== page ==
Russia’s Pullout from the Black Sea Agreement Threatens Global Food Supply

Black Sea deal
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As a result of Russia’s decision over the weekend to back out of a contract to export grains from the Black Sea, shipments to nations that are reliant on imports are likely to be disrupted. This will exacerbate the ongoing problem in the global food supply and cause prices to rise.

Two merchants located in Singapore indicated that as a result of Russia’s departure, hundreds of thousands of tonnes of wheat that were scheduled for delivery to Africa and the Middle East are now in jeopardy. Additionally, the amount of maize that Ukraine sells to Europe is expected to decrease.

Following what it described as a serious assault by a Ukrainian drone on its Black Sea fleet in Crimea, Russia decided on Saturday to stop its participation in the grain agreement being negotiated by the United Nations for a “indefinite duration.”

“In the event that I need to replace a vessel that was supposed to arrive from Ukraine, what are the available options? Not very much at all, “The statement was made by a grains merchant located in Singapore who provides wheat to customers in Asia and the Middle East.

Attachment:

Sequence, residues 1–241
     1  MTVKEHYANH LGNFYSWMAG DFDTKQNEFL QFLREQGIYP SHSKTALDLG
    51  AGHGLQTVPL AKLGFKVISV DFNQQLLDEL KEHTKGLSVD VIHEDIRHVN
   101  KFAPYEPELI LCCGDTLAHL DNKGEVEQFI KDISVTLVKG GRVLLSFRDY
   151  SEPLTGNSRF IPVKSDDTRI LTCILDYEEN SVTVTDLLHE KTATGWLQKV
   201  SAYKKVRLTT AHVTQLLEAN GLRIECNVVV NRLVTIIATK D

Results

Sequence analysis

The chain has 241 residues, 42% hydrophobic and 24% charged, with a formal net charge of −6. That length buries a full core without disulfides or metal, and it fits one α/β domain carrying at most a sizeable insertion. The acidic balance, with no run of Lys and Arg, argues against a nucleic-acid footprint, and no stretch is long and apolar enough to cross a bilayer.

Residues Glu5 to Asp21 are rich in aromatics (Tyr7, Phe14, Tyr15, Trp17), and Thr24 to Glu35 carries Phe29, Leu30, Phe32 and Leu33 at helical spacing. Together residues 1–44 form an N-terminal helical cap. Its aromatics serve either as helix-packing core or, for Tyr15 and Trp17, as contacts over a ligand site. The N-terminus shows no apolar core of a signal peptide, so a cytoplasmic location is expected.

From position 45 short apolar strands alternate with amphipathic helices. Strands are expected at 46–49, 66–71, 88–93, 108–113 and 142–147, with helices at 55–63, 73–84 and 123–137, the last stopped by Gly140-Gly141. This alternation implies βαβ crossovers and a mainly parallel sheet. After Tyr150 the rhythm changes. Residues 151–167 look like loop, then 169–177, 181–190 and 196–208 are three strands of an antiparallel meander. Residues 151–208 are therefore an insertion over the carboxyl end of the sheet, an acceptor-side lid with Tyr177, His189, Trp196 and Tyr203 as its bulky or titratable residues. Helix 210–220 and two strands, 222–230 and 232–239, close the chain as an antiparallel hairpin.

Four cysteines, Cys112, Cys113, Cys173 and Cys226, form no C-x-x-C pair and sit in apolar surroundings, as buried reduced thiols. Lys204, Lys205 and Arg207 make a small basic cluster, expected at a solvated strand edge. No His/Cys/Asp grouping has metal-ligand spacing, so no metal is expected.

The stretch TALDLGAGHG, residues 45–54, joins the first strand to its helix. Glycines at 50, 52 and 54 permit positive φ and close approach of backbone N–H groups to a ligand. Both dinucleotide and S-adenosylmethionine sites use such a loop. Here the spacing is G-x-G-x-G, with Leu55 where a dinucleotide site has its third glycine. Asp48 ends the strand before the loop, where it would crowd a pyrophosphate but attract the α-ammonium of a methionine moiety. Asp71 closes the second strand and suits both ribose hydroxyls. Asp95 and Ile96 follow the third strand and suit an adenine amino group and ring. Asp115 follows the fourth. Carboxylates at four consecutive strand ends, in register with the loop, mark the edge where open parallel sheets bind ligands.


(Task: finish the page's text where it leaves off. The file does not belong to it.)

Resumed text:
On Monday, Chicago wheat futures increased by more than 5%, while corn futures increased by more than 2%, due to concerns over supply.

At the beginning of this year, global wheat prices skyrocketed to an all-time high, while corn prices touched their highest level in ten years, as Russia’s invasion of Ukraine added fire to a rally that was started off by unfavorable weather and COVID-19 supply problems.

According to traders, Australia is a significant wheat exporter to Asia; however, it is doubtful that Australia will be able to cover any supply shortfall since shipping slots are occupied all the way up until February.

Graincorp, which is based in Australia and has announced a five-fold surge in H1 earnings owing to supply limitations resulting from the crisis between Russia and Ukraine, saw its share price increase by more than 7%.

On Sunday, there were no ships that passed via the maritime humanitarian corridor that had been constructed. Despite Russia’s departure from the Black Sea grain deal, the United Nations, Turkey, and Ukraine have decided to go forward with the implementation of the pact and have reached an agreement on a transit plan for Monday that would allow 16 boats to proceed.

“It is necessary to see how the situation develops. It is unclear if Ukraine would continue to transport grains, and it is also unclear what will happen to Russian shipments “added the grains dealer who was located in Singapore.

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